But Clarence found time to attend the first major international gathering of Esperanto-speakers which took place in Boulogne-sur-Mer, France, in 1905, at which Zamenhof himself gave the keynote speech. He was keen to meet other Esperantists and converse with them in face-to-face conversation. The international congresses were an ideal opportunity to do so and were entertaining interludes for travel with his trusted research assistant and friend Luigi Pollini (photo left).
Around this time, Bicknell began writing poetry in Esperanto and became the first laureate of the Internaciaj Floraj Ludoj held in Barcelona in 1909. His original poems (“popular but somewhat primitive”) appeared in contemporary periodicals including La Revuo (1906-1914) and The British Esperantist. Many other poems remained in manuscript form.
In 1966, Kalocsay wrote in his study on Bicknell in Norda Prismo:
“One can ponder on C. Bicknell’s learning Esperanto at the age of 55 and his being probably over 60 when he produced his first poems, having to strive more than ten years before he succeeded in expressing himself directly in poetry.”
Bicknell was also a translator into Esperanto of works including Thomas Macaulay’s Horacio in 1906, Tennyson’s Gvinevero in 1907, Julian Sturgis’s Rikoltado de la Pecoj, Ŝakludo in 1915 and William Wordsworth’s La Narcisoj published in 1926.
He produced a number of hymns that are still in use: seven translations, one original Adoru Kantante and nine texts in Adoru. Clarence contributed greatly to the first Esperanto collection of Christian hymns, Ordo de Diservo (1907).
He was also active in work on behalf of the blind and transcribed many Esperanto books into braille. Clarence gave financial support to Esperanto organisations and founded an Esperanto group in Bordighera.
One of Clarence’s most beautiful vellum-bound albums is dedicated to his favourite visitors in his mountain lodge, the Casa Fontanalba. Each page is dedicated to one person, with a few words about them in Esperanto, the first initial created out of flowery motifs and page illuminations in fragrant watercolours.
Clarence’s interest and work in Esperanto remain as vivid and relevant today as they were in the early 1900s; he was a pioneer in many ways.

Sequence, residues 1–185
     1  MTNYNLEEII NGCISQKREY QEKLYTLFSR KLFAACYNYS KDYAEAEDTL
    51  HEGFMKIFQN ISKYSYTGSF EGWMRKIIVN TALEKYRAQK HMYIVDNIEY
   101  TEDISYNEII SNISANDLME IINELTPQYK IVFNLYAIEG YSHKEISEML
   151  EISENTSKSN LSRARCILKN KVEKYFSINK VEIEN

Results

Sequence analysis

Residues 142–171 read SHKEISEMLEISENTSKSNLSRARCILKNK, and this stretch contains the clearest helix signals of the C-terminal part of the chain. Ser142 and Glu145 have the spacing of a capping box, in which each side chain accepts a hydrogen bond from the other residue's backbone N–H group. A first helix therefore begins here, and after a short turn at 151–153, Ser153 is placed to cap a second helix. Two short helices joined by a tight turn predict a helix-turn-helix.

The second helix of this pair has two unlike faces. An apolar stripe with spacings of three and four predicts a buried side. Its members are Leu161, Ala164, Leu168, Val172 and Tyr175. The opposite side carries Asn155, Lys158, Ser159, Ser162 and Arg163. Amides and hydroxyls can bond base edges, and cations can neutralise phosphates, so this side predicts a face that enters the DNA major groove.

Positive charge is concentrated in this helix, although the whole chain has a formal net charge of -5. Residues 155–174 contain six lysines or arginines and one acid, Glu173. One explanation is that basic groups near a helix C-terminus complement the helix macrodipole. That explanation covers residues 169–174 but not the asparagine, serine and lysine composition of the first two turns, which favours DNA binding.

With all the help Clarence Bicknell gave to Esperanto as a force for world peace, one can only imagine the dismay Clarence felt in his last days in the summer of 1918, four years into one of the worst wars we have ever seen.
Explore more of Clarence’s life and work
- A complete chapter of the 2018 biography MARVELS – The Life of Clarence Bicknell by Valerie Lester is dedicated to Clarence’s interest in Esperanto.
- A dedicated website; we would love a volunteer to help translate the pages.
- The 18-minute film directed by French mountain film director Rémy Masséglia The Marvels of Clarence Bicknell was released in an Esperanto version voiced by Wera Blanke, Bill Chapman and Angela Tellier (free to view).
- The 1998 book on Clarence Bicknell, A High Way To Heaven by Christopher Chippindale, was translated and printed in Esperanto as Pado al Paradizo – Clarence Bicknell kaj la Valo de la Mirindaĵoj, thanks to the efforts of the Italian Esperanto Federation, Michela Lipari and Humphrey Tonkin.
- Bicknell’s poems and hymns in Esperanto; many are also published on the Internet.
Marcus Bicknell works in music, television and communication technologies. He has led the Clarence Bicknell Association since 2013. He won the 2017 Parmurelu d’Oru prize for services to culture in Italy. Clarence was his grandfather’s uncle.